Rock and Roll History

Excess has always been the chief aesthetic of rock and roll, as anyone who lived through hair metal and Axl Rose in biker shorts can attest. Or consider concert lighting: the flashiest bands lavish fans with the biggest beams, the widest video screens, the brightest, whitest spotlights—enough current, in some cases, to power a small city. Leave it to Radiohead, once deemed “the Knights Templar of rock and roll,” to change everything.

On its latest tour, which ends in October, the quintet has been commanding stages exclusively lit with LEDs, from the 20,000-capacity Ford Amphitheatre, in Tampa, Florida, to London’s 57-acre Royal Victoria Park. Gone are the 10,000-watt searchlights and electricity-draining dimmer racks. Instead, custom LED luminaires hover over the stage, itself aglow with a vast LED screen and six dozen 20- and 30-foot-tall LED tubes arranged around the musicians like a stand of light sabers. “The band expressed a desire to cut the environmental impact of the tour,” production designer Andi Watson says. “The only truly efficient way was to use LEDs.” Indeed, each show draws one fifth the current of a typical previous tour.

Early rock-and-roll audiences provided their own lighting entertainment (psychedelic films, liquid-light shows), according to James L. Moody, author of Concert Lighting: Techniques, Art and Business, but stars soon demanded the limelight, and the powerful beams and white-hot glow of incandescent lamps became a concert hallmark. LEDs entered the market about five years ago, helped along by adventurous bands (such as the Beastie Boys and Daft Punk) and a cashed-up concert industry willing to toss R & D dollars at a fresh look. But LEDs have always been used in tandem with conventional fixtures, as their icy dimness, full-color spectrum, and multimedia capabilities better highlight scenery than people. They can make a rock concert look like downtown Tokyo.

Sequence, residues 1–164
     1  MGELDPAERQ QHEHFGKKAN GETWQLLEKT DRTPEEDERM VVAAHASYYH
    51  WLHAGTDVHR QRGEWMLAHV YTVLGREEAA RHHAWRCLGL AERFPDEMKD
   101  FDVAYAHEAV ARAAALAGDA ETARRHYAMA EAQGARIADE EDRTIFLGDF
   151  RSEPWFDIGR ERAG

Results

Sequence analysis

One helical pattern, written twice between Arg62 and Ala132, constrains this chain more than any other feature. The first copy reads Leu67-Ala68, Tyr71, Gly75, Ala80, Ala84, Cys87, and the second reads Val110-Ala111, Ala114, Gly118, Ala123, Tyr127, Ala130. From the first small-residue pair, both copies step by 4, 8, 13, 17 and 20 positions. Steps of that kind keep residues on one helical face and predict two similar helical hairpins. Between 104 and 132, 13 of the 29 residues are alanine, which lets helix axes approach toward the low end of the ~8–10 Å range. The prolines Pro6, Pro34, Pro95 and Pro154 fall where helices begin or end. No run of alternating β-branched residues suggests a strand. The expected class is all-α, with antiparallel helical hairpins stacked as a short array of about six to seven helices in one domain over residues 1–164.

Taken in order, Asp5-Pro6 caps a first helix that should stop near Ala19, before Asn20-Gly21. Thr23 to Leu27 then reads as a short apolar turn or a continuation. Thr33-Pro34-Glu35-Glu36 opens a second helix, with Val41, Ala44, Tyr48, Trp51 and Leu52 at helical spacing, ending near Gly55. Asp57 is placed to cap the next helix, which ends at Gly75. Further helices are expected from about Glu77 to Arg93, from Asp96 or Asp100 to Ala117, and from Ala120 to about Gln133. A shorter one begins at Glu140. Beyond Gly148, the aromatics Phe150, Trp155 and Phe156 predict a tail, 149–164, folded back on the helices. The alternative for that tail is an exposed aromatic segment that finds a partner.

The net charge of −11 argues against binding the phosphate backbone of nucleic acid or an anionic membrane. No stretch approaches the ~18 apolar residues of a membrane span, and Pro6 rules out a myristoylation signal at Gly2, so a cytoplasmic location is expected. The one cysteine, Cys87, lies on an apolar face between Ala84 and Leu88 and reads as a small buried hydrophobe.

Watson proved otherwise, enlisting the British firm i-Pix to engineer a high-power, narrow LED beam light intense enough to shadow band members. Each fixture consumes 210 watts at 110 volts; a comparable spotlight might devour four times as much. “Andi and Radiohead are proving this can be done,” i-Pix’s Chris Ewington says. “They’re always doing something new that eventually other people will copy. It’s only a matter of time.”

Still, practical concerns remain. “If you want to brightly spotlight a performer in white, that’s almost impossible to do with LEDs currently,” Watson acknowledges. And, while Radiohead might be rich enough to buy its own lighting, most musicians rely on rental companies. But perhaps the most stubborn barrier is cultural. “The lighting industry is notorious,” Ewington says. “Lighting designers judge the size of the show and always brag about the power.” Radiohead, for its part, is sounding the first drumbeats of a rock-and-roll revolution: in concerts, if not in lifestyle, less can be more.

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